The weighted draft lottery system the NBA has used to determine the top-three picks in the draft has been in place since 1990. There have been a few tweaks with more teams coming into the league since then, but the general process has remained the same. So how does it work?
Because there are 14 non-playoff teams, 14 ping-pong balls numbered 1-14 are placed in a lottery machine. The balls are mixed for 20 seconds before the first ball is drawn. The remaining balls are then mixed for 10 seconds before the second ball is drawn. This process is repeated until four balls have been drawn to create a four-digit combination to determine the No. 1 pick.
There are 1,001 total combinations available, with one of those combinations thrown out and the other 1,000 combinations distributed among the teams. The worst team in the league gets 250 combinations, and the odds get worse for each subsequent team.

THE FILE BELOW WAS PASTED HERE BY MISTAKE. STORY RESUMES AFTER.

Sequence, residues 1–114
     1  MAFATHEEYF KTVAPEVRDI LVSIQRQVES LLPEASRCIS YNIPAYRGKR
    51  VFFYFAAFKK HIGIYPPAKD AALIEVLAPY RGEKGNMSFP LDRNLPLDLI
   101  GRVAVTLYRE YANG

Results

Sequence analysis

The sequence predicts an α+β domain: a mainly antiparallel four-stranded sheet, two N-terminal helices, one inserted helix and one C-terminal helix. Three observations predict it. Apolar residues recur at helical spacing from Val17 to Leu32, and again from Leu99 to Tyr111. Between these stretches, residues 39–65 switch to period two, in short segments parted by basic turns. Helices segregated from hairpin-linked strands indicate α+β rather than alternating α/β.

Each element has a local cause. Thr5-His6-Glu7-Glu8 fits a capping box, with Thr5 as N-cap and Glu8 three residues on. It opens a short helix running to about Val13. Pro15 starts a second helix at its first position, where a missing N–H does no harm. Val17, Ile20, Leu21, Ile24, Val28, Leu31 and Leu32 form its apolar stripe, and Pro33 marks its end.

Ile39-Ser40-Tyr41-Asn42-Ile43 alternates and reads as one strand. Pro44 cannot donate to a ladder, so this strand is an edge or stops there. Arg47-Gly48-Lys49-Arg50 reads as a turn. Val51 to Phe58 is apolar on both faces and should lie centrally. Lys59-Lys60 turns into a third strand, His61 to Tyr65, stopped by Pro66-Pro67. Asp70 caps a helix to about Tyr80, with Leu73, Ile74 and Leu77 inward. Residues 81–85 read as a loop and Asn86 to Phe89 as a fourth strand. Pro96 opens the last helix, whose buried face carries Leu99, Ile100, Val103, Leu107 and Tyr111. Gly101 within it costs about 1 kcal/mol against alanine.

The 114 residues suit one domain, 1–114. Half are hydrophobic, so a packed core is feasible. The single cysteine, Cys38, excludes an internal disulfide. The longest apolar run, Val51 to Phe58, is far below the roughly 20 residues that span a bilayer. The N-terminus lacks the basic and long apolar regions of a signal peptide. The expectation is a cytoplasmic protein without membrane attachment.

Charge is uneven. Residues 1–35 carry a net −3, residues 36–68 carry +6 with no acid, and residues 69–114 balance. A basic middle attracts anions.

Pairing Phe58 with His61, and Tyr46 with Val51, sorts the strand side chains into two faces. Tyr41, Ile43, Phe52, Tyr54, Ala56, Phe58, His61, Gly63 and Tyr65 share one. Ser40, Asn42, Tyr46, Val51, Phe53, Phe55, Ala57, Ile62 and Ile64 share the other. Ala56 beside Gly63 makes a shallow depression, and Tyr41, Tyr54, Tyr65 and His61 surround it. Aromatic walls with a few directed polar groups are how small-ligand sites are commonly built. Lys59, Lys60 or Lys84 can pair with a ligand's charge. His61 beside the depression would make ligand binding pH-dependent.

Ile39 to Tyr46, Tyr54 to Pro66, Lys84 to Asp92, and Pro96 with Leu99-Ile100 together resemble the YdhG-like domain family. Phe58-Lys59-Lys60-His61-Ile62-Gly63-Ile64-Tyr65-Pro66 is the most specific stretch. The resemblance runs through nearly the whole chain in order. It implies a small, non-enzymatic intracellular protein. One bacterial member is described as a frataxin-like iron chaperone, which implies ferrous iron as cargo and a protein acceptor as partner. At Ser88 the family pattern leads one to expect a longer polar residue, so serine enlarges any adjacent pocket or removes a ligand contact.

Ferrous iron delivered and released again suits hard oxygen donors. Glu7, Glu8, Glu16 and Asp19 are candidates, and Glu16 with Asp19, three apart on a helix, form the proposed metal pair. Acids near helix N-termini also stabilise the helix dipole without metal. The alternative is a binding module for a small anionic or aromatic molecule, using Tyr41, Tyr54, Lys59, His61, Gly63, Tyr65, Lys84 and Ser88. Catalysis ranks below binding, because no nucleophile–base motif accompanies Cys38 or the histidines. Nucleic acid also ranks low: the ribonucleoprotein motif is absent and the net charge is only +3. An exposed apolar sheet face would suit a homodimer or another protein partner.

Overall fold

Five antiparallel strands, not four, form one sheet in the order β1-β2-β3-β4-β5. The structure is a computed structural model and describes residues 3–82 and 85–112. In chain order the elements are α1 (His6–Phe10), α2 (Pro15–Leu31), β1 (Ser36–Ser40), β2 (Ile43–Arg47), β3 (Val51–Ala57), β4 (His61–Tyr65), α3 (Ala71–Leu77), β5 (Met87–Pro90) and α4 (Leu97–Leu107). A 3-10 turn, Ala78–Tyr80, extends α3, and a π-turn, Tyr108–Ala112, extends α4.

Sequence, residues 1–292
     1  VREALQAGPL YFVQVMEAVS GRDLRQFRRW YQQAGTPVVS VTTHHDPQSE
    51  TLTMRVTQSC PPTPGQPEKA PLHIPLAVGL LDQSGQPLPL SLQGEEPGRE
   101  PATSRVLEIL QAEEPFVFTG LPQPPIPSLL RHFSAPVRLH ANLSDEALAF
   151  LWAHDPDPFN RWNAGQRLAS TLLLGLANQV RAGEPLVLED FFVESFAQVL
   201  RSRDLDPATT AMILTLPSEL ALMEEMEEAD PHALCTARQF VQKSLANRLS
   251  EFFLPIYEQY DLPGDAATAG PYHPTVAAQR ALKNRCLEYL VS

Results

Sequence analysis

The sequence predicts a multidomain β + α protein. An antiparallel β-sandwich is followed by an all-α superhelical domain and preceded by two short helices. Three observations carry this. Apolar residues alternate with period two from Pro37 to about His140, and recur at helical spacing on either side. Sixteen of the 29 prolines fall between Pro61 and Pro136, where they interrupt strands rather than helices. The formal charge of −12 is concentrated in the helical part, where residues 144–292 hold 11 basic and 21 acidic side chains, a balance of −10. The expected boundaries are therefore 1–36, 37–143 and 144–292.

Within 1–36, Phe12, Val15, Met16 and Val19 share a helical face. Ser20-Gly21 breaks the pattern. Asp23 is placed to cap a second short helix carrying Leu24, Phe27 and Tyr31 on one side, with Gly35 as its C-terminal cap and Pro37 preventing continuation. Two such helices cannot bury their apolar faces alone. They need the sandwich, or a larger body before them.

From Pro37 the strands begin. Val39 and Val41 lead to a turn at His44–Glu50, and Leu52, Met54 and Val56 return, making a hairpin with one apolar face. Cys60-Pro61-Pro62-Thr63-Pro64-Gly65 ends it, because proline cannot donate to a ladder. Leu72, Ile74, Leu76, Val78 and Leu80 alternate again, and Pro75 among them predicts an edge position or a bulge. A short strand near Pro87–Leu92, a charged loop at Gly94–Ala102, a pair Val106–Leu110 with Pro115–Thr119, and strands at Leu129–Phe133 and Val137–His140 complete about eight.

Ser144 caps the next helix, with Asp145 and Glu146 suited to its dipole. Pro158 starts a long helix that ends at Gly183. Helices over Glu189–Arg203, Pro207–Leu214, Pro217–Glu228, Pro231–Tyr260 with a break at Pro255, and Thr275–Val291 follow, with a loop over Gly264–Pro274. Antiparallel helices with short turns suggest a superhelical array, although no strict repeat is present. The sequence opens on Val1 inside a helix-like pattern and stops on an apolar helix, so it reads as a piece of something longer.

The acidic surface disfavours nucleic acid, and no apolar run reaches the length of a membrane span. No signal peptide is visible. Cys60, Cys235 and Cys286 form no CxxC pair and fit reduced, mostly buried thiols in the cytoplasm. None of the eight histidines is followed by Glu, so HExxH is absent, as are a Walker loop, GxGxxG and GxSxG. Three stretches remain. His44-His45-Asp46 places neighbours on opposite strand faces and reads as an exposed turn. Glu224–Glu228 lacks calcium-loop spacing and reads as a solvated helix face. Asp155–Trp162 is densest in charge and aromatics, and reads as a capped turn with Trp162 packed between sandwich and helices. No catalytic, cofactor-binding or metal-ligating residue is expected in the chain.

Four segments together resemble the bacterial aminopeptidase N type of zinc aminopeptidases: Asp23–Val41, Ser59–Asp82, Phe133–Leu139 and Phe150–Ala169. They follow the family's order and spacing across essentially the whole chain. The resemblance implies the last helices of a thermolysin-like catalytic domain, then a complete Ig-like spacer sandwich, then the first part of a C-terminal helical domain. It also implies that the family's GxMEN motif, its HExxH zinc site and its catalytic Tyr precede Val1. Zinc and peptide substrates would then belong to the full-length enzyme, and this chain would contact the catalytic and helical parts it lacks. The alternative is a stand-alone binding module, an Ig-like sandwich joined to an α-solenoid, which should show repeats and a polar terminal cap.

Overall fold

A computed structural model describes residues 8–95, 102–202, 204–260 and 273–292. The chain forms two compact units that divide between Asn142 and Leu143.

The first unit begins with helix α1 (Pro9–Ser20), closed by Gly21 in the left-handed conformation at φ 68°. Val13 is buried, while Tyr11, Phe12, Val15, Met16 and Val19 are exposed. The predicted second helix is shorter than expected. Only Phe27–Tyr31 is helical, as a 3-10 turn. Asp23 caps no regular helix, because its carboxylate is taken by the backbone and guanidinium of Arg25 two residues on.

The team with the best record in the lottery only gets five combinations. If two teams finish the season with the same record, each tied team gets the average of the total number of combinations for the draft positions they hold. If the resulting average isn't an integer, a coin flip is done to see who gets the extra combination.
Here are the combinations and odds for this year's lottery, via Posting and Toasting:
After the No. 1 pick is determined, the same process is repeated for the second and third picks. Once those top-three picks are determined, the rest of the draft order goes in reverse order in terms of win-loss record.
Because the drawing of the ping-pong balls isn't shown on television, conspiracy theories always pop up about the lottery being rigged. However, as Jeff Zillgitt of USA TODAY Sports details, the NBA goes to great lengths to make sure no rigging takes place:
The NBA uses a representative from the accounting firm
Ernst and Youngto oversee the process, which is conducted just before the TV broadcast of the event.
The ping-pong selection is done in a separate room, and inside the room are NBA officials, reporters, Denise Pelli from Ernst and Young, representatives from each of the 14 lottery teams, a ping-pong machine operator and timekeeper. The people in the room are sequestered without communication devices until the No. 1 pick is revealed on the TV broadcast. Here is a video from last year's lottery.
With so many people in the room and part of the process, it's just about impossible to rig the lottery.